Shouldn't the fact that some Toronto police officers, who are supposed to "serve and protect" all of us are known to treat black people harshly, make it necessary that they attend lessons to deal with the data showing how they are doing a disservice to the black community?

And how does learning about the first black Canadian politicians and leading artists, in a two-week "Africentric" (whatever that means) program, help a student solve a physics or chemistry problem, or write a legible English composition?

If the idea is to address the problem of non-inclusion of black achievers in the formal curriculum for all Canadian students, the solution is simple, rework the curriculum and include the kind of heroes and achievers that black children will identify with.

Why is there an assumption that white or Asian students will not or should not be inspired by black luminaries?
And why should we assume that black students will not be inspired by achievers of other races?

There are deeper problems in the black community that began a long time ago when some people had a "bright idea" to treat blacks as sub-human.
Over the years, remedies have been made to a large extent and continue to be made.

However, amid all the efforts made to ensure equal treatment of all people, there come others -- including black people who should know better -- who get carried away with the idea of pleasing us and end up harming us instead.

When white children fail or lag behind in school, does the TDSB send them to some Eurocentric program to inspire them?

Of course not. They get tutors. They go to summer school. They do extra lessons until they improve.

This is what should be recommended for black students.

Their parents should be notified to help, either by giving their child extra home schooling on the particular subject they are failing or engaging tutors to help out.

Granted, many black families cannot afford such services as tutors. Therein, you see, lies the real problem -- economic inequality.


Tuesday, July 18, 2006


Controversy with a potential to divide the Catholic Church is brewing in the most unlikely place, Africa, following the nomination of former Tanzanian president Mwalimu Julius Kambarage Nyerere for sainthood.

The late African statesman's nomination last year by bishops of the diocese of his native Musoma district is already causing a re-look at the Catholic Church's criteria of declaring someone a candidate for sainthood.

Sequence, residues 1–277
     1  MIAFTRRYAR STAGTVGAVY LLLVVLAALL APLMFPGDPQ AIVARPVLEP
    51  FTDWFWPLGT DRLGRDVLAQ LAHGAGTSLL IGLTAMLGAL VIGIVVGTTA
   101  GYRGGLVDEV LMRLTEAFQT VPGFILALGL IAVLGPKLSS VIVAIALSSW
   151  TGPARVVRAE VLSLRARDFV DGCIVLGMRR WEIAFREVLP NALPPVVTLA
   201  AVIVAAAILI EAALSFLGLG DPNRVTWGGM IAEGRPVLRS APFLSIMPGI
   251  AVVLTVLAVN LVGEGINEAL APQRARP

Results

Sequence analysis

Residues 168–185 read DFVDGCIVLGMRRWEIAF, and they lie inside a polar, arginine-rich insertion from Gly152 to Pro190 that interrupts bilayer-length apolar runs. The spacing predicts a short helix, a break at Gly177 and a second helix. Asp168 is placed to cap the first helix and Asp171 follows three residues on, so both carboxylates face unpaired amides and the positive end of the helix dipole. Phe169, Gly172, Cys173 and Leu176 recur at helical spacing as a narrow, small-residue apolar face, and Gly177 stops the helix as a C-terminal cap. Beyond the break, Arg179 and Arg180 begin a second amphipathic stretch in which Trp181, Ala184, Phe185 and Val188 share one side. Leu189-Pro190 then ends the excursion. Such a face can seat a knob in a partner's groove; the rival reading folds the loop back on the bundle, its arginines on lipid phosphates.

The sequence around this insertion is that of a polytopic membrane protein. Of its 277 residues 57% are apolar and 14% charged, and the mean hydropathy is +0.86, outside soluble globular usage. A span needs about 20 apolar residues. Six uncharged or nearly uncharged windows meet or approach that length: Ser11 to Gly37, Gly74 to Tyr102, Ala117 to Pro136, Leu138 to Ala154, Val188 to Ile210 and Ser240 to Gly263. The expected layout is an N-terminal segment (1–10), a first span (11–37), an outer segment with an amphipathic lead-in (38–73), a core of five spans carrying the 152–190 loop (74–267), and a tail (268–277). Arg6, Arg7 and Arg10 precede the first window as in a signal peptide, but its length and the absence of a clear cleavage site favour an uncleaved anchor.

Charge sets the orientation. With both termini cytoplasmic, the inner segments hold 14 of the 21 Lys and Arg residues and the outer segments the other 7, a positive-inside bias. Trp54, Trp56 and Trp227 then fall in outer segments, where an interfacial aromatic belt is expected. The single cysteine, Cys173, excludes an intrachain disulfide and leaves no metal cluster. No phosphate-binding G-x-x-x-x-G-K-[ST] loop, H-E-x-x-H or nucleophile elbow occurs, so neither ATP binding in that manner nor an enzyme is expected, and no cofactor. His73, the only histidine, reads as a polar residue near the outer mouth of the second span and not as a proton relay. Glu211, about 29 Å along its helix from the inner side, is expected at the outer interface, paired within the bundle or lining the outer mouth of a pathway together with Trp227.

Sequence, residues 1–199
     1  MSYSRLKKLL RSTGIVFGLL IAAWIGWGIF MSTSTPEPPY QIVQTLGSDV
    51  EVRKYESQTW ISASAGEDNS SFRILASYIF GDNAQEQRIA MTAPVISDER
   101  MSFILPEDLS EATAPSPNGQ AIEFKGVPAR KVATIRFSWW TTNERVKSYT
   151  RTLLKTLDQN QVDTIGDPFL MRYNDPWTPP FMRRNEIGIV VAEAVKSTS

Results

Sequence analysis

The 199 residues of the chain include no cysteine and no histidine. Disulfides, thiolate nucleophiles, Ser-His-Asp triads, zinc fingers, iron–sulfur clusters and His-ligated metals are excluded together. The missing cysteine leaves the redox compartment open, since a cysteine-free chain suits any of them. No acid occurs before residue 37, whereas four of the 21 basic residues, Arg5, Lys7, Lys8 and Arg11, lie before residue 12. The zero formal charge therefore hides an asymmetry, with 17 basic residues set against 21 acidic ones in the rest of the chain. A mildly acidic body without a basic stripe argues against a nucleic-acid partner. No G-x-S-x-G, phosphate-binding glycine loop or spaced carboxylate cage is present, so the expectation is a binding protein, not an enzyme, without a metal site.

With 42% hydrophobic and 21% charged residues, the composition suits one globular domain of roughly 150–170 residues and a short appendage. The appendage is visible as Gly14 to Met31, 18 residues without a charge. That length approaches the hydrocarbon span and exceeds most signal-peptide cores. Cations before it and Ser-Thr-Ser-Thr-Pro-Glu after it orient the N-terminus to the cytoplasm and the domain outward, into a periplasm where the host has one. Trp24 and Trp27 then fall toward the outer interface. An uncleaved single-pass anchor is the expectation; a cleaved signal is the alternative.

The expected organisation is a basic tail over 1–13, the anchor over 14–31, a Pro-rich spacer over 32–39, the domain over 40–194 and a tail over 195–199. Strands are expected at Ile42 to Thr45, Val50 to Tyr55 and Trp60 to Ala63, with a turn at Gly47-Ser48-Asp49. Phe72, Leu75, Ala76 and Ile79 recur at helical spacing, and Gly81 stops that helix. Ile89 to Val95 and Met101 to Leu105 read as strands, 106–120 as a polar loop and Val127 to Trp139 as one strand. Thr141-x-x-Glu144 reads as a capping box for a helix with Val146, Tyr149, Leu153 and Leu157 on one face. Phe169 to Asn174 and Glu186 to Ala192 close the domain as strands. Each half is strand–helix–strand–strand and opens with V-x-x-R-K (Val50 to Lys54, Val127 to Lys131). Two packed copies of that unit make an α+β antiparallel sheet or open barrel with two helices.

Catholic doctrine states that apart from living strictly by the tenets of the church's teachings, an individual has to have done outstanding faith-guided deeds for humanity when they were living and caused documentable miracles after their death.

It is these merits that Nyerere's supporters have to publish with testimonials to prove the late politician is worthy of joining the exclusive class of people holier than most mortals. That is going to be an uphill struggle.

Not because Nyerere was a politician, as some people are already implying. What will prove difficult is to follow the rules of the process of beatification and fulfil them as expected. Nyerere was known to have been attending Mass and following all the steps of Catholicism on a daily basis and he often fasted.

Fr. Michael Meunier, a Toronto priest who worked in East Africa in the 1990s and is a proponent of the beatification of the late president, recounted to me a story of how a few years before his death, Nyerere was being honoured for his work. Nyerere was said to have not touched the food he had been given because it was during Lent. One of his hosts suggested that when Nyerere meets with God in Heaven, he would confidently declare that he accomplished the work he was put on earth to do.

"Nyerere replied that only Jesus Christ has the right to stand before the Lord and say He accomplished His work. He said when he gets before the Lord, he would only say 'I tried,'" said Meunier. The question is what did he try and how did it turn out vis-à-vis his proposed beatification.